Like my mother, Aunt Bess was a knitting goddess, who held knitting needles as if they grew from her hands. In the winter, I pad around in red slippers that she knitted. On my bed is a fantastic afghan she knitted out of odds and ends, like a coat of many colors.
Although we kept in touch with cards and calls, the last time I saw her was in 1996. She had come to terms with the fact that my father had little interest in family or heritage, and he had married a woman who wasn't Jewish and didn't convert. She gave me books; we looked through a family photo album. She wanted me to understand where I came from.
When she died, I wanted others to understand where she had come from. These days, many newspapers charge for obits, and I ended up spending $684 for a small b&w head shot of her and about 35 lines in the LA Times. Because nothing runs smoothly, I ended up having to make a few calls. The money, plus the time and skill to navigate the system, weed out some people who might want to place similar obits. One reason this matters is that archived obituaries become part of the historical record. It is part of the question of who is part of history and who isn't.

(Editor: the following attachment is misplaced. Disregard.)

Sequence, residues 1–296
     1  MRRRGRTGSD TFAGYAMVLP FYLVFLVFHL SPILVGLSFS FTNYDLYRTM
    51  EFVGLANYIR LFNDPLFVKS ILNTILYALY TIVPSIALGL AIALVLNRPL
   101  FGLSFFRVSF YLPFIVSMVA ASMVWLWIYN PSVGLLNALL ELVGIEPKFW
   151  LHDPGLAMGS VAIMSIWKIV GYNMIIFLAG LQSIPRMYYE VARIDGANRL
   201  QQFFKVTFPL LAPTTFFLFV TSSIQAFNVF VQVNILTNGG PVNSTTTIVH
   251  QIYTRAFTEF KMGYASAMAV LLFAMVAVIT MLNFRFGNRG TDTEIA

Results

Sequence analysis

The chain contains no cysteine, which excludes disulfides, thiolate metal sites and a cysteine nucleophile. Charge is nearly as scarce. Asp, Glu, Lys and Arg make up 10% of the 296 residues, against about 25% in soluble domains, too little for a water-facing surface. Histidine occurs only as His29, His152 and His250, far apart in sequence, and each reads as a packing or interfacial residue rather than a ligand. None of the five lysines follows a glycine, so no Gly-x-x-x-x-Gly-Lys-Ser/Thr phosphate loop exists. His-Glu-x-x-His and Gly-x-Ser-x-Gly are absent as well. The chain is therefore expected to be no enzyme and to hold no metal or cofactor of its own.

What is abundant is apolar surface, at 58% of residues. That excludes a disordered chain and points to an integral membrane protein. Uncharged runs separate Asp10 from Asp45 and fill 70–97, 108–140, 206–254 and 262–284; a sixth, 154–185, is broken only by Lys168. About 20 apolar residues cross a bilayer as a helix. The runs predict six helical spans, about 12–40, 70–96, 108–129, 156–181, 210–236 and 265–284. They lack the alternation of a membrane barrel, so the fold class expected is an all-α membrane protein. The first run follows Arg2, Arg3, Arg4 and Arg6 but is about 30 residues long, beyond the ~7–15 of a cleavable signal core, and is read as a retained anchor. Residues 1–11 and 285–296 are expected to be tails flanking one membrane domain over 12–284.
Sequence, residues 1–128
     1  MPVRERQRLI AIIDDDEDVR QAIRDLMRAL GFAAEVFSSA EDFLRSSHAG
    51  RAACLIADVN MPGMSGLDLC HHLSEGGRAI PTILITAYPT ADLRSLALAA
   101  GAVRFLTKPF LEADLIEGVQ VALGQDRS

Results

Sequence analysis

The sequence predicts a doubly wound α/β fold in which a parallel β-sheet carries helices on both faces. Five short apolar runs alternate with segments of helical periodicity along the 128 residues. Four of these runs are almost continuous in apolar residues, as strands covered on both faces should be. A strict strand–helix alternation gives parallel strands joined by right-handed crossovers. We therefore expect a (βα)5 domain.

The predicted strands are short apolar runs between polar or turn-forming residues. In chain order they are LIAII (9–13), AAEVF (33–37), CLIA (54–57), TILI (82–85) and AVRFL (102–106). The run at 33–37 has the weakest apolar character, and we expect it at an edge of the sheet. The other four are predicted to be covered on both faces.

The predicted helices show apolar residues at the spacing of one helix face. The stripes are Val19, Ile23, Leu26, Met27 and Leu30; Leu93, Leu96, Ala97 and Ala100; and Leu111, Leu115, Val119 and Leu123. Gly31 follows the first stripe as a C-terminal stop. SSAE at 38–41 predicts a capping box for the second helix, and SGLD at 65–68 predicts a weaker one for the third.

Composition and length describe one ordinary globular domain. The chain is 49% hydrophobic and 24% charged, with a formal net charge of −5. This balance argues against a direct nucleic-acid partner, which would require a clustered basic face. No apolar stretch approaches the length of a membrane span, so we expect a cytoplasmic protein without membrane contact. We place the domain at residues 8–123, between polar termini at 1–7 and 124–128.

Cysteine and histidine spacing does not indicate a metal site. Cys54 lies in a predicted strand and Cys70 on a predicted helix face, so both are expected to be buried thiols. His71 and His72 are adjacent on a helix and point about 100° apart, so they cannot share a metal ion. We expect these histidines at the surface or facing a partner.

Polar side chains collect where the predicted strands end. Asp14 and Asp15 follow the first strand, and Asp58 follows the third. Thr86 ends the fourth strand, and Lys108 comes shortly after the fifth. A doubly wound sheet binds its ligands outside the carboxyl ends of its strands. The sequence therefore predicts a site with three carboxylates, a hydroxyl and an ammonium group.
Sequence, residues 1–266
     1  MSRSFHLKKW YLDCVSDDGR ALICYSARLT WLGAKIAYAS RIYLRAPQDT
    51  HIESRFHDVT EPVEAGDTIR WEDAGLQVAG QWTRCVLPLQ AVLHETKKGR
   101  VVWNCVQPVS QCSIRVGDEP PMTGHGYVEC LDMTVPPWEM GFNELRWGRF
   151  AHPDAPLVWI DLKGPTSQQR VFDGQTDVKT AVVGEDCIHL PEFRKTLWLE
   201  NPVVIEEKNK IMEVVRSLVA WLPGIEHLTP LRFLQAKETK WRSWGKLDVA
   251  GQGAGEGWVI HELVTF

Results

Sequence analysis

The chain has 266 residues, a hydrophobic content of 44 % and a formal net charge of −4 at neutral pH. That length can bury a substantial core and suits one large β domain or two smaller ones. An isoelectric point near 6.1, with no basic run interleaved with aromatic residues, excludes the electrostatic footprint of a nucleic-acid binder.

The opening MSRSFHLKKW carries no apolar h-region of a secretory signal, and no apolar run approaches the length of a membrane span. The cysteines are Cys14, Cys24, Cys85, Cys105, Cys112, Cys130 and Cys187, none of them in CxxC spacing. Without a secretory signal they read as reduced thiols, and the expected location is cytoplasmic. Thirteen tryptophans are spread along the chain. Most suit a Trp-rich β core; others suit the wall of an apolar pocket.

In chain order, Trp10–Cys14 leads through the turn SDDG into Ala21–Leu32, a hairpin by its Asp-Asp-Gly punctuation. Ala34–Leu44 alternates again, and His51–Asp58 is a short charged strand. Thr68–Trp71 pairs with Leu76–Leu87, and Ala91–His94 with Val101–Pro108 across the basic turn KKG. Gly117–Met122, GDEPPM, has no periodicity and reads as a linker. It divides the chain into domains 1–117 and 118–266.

I can just imagine what Aunt Bess would have thought about paying for obituaries. I hesitate to bring up this subject because of all the nasty talk about Jews being cheap. When I hear non-Jews make these remarks, I think of the terrible poverty of my ancestors, and how they had to get by, how my grandparents moved to a ghetto in Cleveland when that word was still associated with Jews. Poverty influenced their children in different ways. As a bookkeeper, Aunt Bess was good with money, and she carried herself with class. Although she had started in the jewelry trade, she usually wore only a small diamond necklace, a lavalier, that had belonged to her mother.
There was no room in the obit for such details. There was no room to write how she sent us homemade rugelach at Hanukkah and See's chocolates, which we couldn't get in Texas at that time.
Because I was paying by the line, I tried to reword any paragraphs that had only a word or two left over on the last line. In journalism jargon, this is "killing widows" (see this example). The term reflects society's view of a manless woman: She's just taking up space.
Before her third husband made her a widow, Aunt Bess had divorced two others. She had worked all of her life, starting as a child. The oldest girl of seven children, she helped care for the younger ones. My father, who would have been 91 today, thought of her as a mother. People said I looked like her, and at the end of his life, Daddy mistook me for her once and a while.
What interesting roles we put on and take off, daughter to sister to mother.